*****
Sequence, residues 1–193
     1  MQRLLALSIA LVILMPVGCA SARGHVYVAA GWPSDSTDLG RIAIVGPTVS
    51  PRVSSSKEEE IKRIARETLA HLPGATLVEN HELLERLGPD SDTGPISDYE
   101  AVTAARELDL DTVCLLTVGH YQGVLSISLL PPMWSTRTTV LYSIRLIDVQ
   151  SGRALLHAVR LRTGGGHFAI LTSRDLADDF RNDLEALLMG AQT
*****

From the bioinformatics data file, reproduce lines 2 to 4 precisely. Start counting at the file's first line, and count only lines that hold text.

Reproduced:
     1  MQRLLALSIA LVILMPVGCA SARGHVYVAA GWPSDSTDLG RIAIVGPTVS
    51  PRVSSSKEEE IKRIARETLA HLPGATLVEN HELLERLGPD SDTGPISDYE
   101  AVTAARELDL DTVCLLTVGH YQGVLSISLL PPMWSTRTTV LYSIRLIDVQ